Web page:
One Flew Over the Cuckoo’s Nest (1975)
Reviewed on 2012 January 20
This is an amazing movie, horrifying as it is compelling, that uses an antihero to show what happens to the outsider or non-conformist.
Randall Patrick McMurphy (Jack Nicholson) is a rabble-rouser and outsider, sentenced to a stint in the pen. McMurhpy is as shrewd in many ways as he is contentious; he decides to fake being insane to get out of jail, figuring a stretch in a mental institution would be an easier alternative.
He is very wrong. He is sent to a tiny pond controlled by a barracuda, one Nurse Ratched (Louise Fletcher), a stickler for following every rule and doing things her way, regardless of who gets crushed in the process. The other inmates go along quietly, until McMurphy comes and shakes things up. Ratched hates him from the outset. No, I wouldn’t want to be in charge of McMurphy either, but some of the stuff he asks for is on the earth-shattering, daring level of letting the inmates watch a ball game on the TV.
Ratched is a combination of some of the worst traits a human can have: someone who likes to wield her bit of power like a club, and a control freak who likes saying “no” just because it’s easy. (I’m being gentle here; you need to see the film to truly appreciate her.) McMurphy picks up on this and slowly goes on a campaign to drive her crazier than any of the men, not just out of defiance but because he grows fond of some of his inmate buddies. Now, it’s just a matter of who wins.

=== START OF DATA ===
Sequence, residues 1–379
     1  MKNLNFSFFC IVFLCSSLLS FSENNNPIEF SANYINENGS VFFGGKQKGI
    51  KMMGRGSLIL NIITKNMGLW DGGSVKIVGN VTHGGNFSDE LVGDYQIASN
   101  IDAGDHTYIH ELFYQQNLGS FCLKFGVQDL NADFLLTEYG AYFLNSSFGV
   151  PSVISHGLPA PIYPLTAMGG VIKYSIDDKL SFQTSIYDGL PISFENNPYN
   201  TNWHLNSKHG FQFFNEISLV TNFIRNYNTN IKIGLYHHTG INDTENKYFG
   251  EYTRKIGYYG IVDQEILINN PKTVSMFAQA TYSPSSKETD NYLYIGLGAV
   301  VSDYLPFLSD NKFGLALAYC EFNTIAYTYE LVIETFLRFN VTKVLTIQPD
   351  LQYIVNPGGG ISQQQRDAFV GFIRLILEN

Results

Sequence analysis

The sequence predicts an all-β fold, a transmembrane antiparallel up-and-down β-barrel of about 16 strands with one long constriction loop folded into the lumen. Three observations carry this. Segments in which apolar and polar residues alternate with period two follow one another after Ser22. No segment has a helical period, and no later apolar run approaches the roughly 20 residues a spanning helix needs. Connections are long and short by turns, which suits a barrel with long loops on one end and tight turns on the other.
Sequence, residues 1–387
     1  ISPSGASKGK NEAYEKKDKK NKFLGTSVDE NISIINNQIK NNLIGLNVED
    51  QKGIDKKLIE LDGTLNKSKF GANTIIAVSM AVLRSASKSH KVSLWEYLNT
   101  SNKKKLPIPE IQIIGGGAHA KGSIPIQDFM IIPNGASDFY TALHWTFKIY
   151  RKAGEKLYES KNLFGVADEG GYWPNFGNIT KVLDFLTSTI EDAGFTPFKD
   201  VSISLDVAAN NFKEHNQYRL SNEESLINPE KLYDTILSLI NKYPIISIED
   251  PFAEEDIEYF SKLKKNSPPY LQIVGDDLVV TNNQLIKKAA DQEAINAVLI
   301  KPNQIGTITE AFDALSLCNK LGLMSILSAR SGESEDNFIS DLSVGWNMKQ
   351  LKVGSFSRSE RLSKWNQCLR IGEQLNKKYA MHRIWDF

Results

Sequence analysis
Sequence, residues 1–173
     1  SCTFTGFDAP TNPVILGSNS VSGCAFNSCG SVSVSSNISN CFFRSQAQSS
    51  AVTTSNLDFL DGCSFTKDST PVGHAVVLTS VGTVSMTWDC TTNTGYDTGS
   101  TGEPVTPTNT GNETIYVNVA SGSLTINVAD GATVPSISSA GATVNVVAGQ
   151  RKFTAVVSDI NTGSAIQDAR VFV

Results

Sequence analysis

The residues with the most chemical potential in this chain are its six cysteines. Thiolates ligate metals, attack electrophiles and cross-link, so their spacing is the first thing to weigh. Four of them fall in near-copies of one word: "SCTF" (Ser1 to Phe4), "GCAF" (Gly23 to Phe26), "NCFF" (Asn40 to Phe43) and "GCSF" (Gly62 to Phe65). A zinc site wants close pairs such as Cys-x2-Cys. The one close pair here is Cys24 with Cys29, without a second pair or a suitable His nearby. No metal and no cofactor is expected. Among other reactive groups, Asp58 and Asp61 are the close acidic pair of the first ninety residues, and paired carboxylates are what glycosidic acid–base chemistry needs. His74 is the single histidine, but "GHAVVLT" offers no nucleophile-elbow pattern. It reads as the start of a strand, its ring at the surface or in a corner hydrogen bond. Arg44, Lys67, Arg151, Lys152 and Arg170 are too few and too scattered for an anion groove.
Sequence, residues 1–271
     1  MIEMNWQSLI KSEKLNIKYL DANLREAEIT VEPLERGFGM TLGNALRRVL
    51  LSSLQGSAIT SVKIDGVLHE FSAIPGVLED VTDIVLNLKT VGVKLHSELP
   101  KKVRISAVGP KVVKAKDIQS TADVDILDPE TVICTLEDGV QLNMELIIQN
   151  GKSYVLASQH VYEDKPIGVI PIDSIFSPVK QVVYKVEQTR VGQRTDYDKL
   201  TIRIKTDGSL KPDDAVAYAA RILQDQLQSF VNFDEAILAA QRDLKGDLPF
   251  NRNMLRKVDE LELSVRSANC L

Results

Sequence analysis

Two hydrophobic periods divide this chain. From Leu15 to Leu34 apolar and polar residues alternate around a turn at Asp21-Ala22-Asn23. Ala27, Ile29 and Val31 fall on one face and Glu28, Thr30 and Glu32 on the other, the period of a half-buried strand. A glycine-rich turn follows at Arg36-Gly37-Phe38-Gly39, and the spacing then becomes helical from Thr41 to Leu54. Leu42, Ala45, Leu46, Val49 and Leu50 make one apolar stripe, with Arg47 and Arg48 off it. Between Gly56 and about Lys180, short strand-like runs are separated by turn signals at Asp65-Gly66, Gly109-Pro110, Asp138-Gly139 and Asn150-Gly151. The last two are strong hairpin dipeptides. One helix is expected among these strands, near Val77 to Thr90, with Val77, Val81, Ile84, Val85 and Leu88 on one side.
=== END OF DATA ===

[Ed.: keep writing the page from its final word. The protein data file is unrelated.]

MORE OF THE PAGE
I read the book in high school before I even knew that it was a movie, and here is an example of both being excellent. It’s based on the Ken Kesey novel, except the Chief is the narrator in the book, and here he’s more of a wingman to McMurphy. There are other deviations but the script is amazing, and so is the whole ensemble cast. Look for a young, smiling Danny DeVito as Martini. Everyone holds their own here, but the battles of will between McMurphy and Ratched are the stuff of legend, thanks to both Nicholson and Fletcher.
Four chocolate morsels.